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Greece pressured to finish debt talks
ATHENS, Greece -- Greece is under heavy pressure from its creditors to implement further austerity and structural measures if it wants to get a second, $171 billion bailout and avoid bankruptcy.
Representatives of Greece's public creditors -- the European Union, the European Central Bank and the International Monetary Fund -- have concluded a meeting with Prime Minister Lucas Papademos, who, in turn, will meet the leaders of the three parties backing his three-month-old coalition government this afternoon.
Finance Minister Evangelos Venizelos said Saturday negotiations with its creditors are at "a very crucial stage" and that a very thin line separates eventual success from an impasse.
A measure of the growing impatience of Greece's eurozone partners with what they see as Greece's inability to implement changes in the economy was given in an interview by Eurogroup chairman Jean-Claude Juncker to German news magazine Der Spiegel.
The possibility of bankruptcy in March should give the Greeks "muscles where they now still have some symptoms of paralysis," he was quoted as telling the magazine in an interview released Saturday.
Should Greece fail to implement the necessary reforms, then it may not expect "solidarity efforts from the others," Juncker added.
In Athens, Venizelos told reporters negotiations for the bailout deal Greece needs to avoid defaulting on its debts must be completed by late today, but that a breakthrough is being held up by demands from debt inspectors for more austerity measures.
Earlier, he had joined a two-hour conference call with other eurozone finance ministers, and resumed talks with debt inspectors from the EU, the ECB and the IMF -- known as the "troika" -- after a 12-hour meeting with them Friday.
Venizelos also met with Greece's ministers of health, labor, defense, interior and public sector reform to discuss demands for wage cuts in the private sector and faster staff cuts, including dismissals, in Greece's large public sector.
"The euro group conference call was very difficult. There is great anxiety and great pressure from [the troika] as well as individual eurozone member states, each of which has its own priorities," Venizelos told reporters, without providing details or naming any of the countries.
"There is a very small margin separating a successful end in [negotiations] from an impasse that could be due to a misunderstanding," he said. "We stand at the razor's edge."
He said the negotiations must be completed by tonight, without saying why.
Venizelos said the talks are being held up by demands from debt inspectors to impose cuts in private sector pay and new austerity measures to keep Greece within its tight deficit-reduction targets.
"We are at the point when we must make decisions and commit to them. Two major issues remain outstanding: labor relations and private sector pay, and fiscal measures required to stay absolutely on target in 2012," the finance minister said.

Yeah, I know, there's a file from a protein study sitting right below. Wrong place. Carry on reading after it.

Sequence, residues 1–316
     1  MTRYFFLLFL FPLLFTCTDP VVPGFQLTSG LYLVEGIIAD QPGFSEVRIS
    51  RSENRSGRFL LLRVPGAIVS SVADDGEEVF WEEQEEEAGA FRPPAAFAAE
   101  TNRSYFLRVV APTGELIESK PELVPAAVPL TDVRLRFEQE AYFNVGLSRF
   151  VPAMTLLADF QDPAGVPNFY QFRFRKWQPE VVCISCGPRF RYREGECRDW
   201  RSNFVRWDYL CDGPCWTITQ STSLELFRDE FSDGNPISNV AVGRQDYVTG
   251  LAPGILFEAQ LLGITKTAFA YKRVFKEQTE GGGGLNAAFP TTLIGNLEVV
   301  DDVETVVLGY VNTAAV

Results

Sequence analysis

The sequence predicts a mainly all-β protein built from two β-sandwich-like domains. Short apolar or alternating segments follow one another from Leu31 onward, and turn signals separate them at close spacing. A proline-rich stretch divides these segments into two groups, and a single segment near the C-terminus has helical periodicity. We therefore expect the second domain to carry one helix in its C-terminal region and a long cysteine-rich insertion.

Heavily in debt and suffering a fourth year of recession, Greece needs the (euro) 130 billion ($171 billion) rescue deal, backed by eurozone countries and the IMF, to avoid bankruptcy next month.
Tied to that agreement is a proposed deal with banks and private investors who hold nearly two-thirds of Greece's debt that would slash the country's borrowing costs and save it from a default. The investors, who hold around (euro) 200 billion ($263.2 billion) in Greek bonds, could forgive about half of that in exchange for a cash payout and new bonds with more favorable repayments terms.
Top bank negotiators arrived in Athens on Saturday night for more talks. Josef Ackermann -- the CEO of Germany's Deutsche Bank who is also the board chairman of the creditor group, the Institute of International Finance -- said in Munich that he was flying to Greece Saturday.
Ackermann told reporters that "we are in a make-or-break situation and Greece plays a very important role."
Unions and employers have failed to reach agreement on voluntary cuts in wage costs, arguing that a series of emergency taxes imposed by the crisis-hit government over the past two years have already seen workers lose 14 percent of their income.
Stathis Anestis -- deputy leader of GSEE, Greece's largest union -- described the latest austerity measures being considered by the government as "a recipe for catastrophe" that would sink Greece into deeper recession. "They must respect collective wage deals that have been signed and implemented," he said.
On Saturday morning, about 100 Communist unionists demonstrated outside the prime minister's official residence. In the evening, a group of about 30 anarchists attacked the apartment building where Greek President Karolos Papoulias lives -- not his official residence, police reported. There were no reports of damages.
Without additional international support, Greece would go bankrupt, since it is unable to cover a (euro) 14.5 billion ($19.1 billion) bond repayment on March 20.
Juergen Baetz in Berlin and Geir Moulson in Munich contributed to this report.